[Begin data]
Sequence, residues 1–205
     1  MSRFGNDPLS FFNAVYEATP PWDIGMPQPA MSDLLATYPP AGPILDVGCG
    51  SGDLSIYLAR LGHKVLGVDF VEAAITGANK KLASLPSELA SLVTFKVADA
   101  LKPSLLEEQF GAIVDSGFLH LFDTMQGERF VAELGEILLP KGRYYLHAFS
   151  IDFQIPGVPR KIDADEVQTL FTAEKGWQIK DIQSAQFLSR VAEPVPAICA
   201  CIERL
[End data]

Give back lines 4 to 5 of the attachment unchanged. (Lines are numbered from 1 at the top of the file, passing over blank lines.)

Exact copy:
   101  LKPSLLEEQF GAIVDSGFLH LFDTMQGERF VAELGEILLP KGRYYLHAFS
   151  IDFQIPGVPR KIDADEVQTL FTAEKGWQIK DIQSAQFLSR VAEPVPAICA